Devil-Worship in France

Hermetic Library Fellow T Polyphilus reviews Devil-Worship in France: with Diana Vaughn and the Question of Modern Palladism by Arthur Edward Waite, introduction by R A Gilbert.

Waite Devil-Worship in France

Arthur Edward Waite wrote Devil-Worship in France in 1896, before Gabriel Jogand (“Leo Taxil”) exposed the great hoax he and his confederates had perpetrated regarding a supposed Luciferian Palladian Order at the heart of global Freemasonry. Although Waite gets a few details wrong, he was correct in casting the most thorough suspicion on this particular constellation of anti-Masonic literature. He was not the first to do so; the noted esotericist and Theosophist C.C. Massey had already voiced his objections. But Waite’s criticisms were more substantial and extensive, and received more attention than Massey’s had. 

The micro-genre of Palladian conspiracy literature produced under the bylines of Leo Taxil, Dr. Bataille, and Diana Vaughan enjoyed a considerable vogue in late 19th-century France. Its popularity among the credulous invites comparison with Dan Brown’s Da Vinci Code and its concomitant cottage industry in the early 21st century–although the valence was exactly the opposite as far as the Roman Catholic Church was concerned. (That is to say, that church’s fond welcome for the anti-Masonic revelations of Taxil matched in scope its offended distaste for The Da Vinci Code.) The fact that Brown’s novel is an overt fiction–albeit bearing an appeal to some alleged underlying facts–does not skew the parallel. Much of the material about Palladian Freemasonry was published in the Penny Dreadful periodical format associated more with Victorian Gothic than sober journalism.

Designed as it was for a French Catholic readership, the Taxil material also vilified the English, and in passing, Americans. Waite observes this trend throughout, but reserves special outrage for Dr. Bataille’s slander against HRH the Queen! (172-3) Waite’s knowledge of the US is a bit limited, though. For instance, he refers to Scottish Rite organizer Albert Pike’s role in “[t]he admission of Arkansas into the confederation of the United States,” which while strictly accurate, is likely to sound a muddled note for American readers. (28)

Although Waite is notorious for his plodding and convoluted prose, Devil-Worship in France is a comparatively lively exercise, perhaps because it was a matter of such great currency when he wrote it. In several cases, he references personal statements from his own associates and acquaintances, such as W. Wynn Westcott and John Yarker. And I am certain that I detected deliberate, though bone-dry, wit at various points in the book. The several chapters dedicated to summarizing Bataille’s Le Diable au XIXe Siecle are quite entertaining. Having cast sufficient doubts on the tales of the Palladium, Waite concludes Devil-Worship in France with an encomium regarding the virtues of Freemasonry, and its points of functional intersection with mysticism.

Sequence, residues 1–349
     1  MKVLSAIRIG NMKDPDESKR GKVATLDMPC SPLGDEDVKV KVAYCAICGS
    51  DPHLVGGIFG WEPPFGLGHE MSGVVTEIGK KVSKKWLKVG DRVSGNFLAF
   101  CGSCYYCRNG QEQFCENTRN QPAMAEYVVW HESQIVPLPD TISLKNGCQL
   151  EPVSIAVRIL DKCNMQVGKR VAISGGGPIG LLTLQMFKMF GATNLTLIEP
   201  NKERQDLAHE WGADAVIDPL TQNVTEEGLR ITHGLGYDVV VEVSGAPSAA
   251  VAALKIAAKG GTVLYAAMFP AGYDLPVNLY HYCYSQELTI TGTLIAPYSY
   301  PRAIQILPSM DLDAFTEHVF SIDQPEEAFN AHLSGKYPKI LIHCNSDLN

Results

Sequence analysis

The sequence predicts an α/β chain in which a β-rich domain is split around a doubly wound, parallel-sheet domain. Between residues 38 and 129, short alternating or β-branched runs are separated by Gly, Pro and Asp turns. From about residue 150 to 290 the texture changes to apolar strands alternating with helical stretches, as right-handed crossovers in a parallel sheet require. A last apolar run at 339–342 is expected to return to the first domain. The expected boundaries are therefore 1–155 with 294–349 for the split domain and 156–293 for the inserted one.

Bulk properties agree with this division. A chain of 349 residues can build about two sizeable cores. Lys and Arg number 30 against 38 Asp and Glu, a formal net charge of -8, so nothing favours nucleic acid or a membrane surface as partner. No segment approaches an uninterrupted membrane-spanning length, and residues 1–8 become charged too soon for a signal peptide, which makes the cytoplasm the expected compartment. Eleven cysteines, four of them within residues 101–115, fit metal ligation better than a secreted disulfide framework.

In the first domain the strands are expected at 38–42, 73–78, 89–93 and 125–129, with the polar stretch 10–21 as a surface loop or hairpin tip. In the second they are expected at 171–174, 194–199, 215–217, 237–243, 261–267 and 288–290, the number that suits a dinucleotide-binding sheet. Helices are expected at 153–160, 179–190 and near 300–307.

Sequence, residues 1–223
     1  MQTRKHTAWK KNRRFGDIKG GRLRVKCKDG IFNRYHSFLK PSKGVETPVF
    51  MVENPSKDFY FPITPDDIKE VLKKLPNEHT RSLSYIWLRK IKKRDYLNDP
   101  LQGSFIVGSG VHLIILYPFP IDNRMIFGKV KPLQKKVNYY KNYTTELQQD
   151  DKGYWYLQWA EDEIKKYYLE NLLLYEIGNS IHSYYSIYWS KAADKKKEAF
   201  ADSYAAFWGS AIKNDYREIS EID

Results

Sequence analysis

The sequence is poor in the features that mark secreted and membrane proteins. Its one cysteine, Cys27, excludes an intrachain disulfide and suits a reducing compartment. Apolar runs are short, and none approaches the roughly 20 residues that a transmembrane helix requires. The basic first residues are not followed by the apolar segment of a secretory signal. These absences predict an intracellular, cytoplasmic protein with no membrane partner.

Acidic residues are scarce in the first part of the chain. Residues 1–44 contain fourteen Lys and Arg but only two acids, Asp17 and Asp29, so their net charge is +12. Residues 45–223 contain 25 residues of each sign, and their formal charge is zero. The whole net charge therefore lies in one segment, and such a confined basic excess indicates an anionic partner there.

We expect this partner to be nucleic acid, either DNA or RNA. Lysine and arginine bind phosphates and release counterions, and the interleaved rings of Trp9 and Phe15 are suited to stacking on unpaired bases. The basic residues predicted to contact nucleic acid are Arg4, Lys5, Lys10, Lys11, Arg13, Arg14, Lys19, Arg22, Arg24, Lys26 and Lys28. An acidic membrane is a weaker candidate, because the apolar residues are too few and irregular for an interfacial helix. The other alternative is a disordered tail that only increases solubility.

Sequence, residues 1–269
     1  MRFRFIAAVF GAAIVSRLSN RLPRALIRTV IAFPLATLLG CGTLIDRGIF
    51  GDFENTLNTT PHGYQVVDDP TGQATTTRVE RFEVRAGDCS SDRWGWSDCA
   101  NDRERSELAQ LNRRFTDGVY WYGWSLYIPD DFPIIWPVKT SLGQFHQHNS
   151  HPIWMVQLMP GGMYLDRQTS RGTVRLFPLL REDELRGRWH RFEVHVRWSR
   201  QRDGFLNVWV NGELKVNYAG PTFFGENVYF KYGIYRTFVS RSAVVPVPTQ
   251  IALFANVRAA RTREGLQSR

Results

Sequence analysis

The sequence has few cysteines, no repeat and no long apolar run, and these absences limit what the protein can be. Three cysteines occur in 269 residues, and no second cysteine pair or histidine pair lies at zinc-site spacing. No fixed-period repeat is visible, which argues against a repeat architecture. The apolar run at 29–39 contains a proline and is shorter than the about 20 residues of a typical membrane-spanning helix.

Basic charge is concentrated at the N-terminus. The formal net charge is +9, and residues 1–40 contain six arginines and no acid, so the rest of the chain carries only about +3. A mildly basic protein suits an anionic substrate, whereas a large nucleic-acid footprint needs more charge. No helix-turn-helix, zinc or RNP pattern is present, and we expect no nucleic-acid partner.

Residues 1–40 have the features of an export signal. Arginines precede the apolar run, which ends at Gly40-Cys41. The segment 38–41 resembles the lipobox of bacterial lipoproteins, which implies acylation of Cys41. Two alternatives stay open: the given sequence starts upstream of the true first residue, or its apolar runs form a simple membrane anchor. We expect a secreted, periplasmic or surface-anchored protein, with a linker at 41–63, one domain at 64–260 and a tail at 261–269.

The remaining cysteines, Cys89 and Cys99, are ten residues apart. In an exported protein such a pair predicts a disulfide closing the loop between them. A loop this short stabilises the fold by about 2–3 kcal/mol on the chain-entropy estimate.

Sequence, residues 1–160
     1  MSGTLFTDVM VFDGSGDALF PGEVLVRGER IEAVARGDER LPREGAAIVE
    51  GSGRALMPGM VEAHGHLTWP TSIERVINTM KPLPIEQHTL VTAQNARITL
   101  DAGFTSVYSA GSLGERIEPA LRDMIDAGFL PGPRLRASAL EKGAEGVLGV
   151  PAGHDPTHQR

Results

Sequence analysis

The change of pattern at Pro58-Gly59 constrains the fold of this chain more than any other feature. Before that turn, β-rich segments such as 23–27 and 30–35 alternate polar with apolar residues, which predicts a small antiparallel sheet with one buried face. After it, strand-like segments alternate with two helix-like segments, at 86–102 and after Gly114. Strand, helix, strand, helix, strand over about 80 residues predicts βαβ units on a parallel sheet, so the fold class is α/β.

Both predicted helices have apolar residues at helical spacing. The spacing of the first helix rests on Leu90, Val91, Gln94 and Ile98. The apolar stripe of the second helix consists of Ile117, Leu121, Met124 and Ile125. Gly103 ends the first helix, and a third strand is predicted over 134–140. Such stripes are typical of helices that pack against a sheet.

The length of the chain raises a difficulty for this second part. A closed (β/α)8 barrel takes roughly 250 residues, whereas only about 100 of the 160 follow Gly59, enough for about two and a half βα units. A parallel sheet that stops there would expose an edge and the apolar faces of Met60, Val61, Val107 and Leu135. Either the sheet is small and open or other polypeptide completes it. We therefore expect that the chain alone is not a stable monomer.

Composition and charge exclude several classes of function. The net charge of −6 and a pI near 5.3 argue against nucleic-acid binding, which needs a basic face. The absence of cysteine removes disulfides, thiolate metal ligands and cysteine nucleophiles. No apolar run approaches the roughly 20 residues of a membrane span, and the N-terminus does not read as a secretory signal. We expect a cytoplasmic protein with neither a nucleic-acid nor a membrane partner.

The 2003 Red Wheel/Weiser reissue of Waite’s book appends his previously-unpublished sequel, Diana Vaughan and the Question of Modern Palladism. Much shorter than the first work, it merely supplies updates after feuding among the fabulists and Jogand’s public admission of the hoax. Waite takes the opportunity to correct a few incidental errors from Devil-Worship. In particular he admits that Pike did plagiarize considerably from Eliphas Levi, but he also praises a specific text in which Pike did so: the lecture for the 32° in Morals and Dogma.

The Palladian episode is not only a cautionary tale regarding an anti-Masonic scare; this very thorough treatment of it has much to hold the attention of anyone interested in the esotericism of the period. The Taxil collaborator “Jean Kostka” was in fact Jules Doinel, founding patriarch of the French Gnostic Church from which today’s Gnostic Catholic Church (E.G.C.) descends. He comes off fairly pitiably in Waite’s account, and it is hard to see him as a hero during the early 1890s. Even more importantly, much of the outrage intended to be stoked by the stories of the Palladium had to do with its initiation of women into a secret society. Waite, concurring with Pike, indicates that women are excluded from Masonry, but doubts whether they should be. Of course, the Hermetic Order of the Golden Dawn was initiating men and women on equal terms at the time, the Grand Loge Symbolique Eccosais Mixte which was to eventuate in Theosophical Co-Masonry had been founded in 1893, and a short decade after Diana Vaughan O.T.O. would apply Masonic techniques of initiation to women as well as men. 

And as a final enticement to those who might benefit from reading this book, I quote from page eighty-four: “Who would possess a lingam which was an Open Sesame to devildom and not make use thereof?”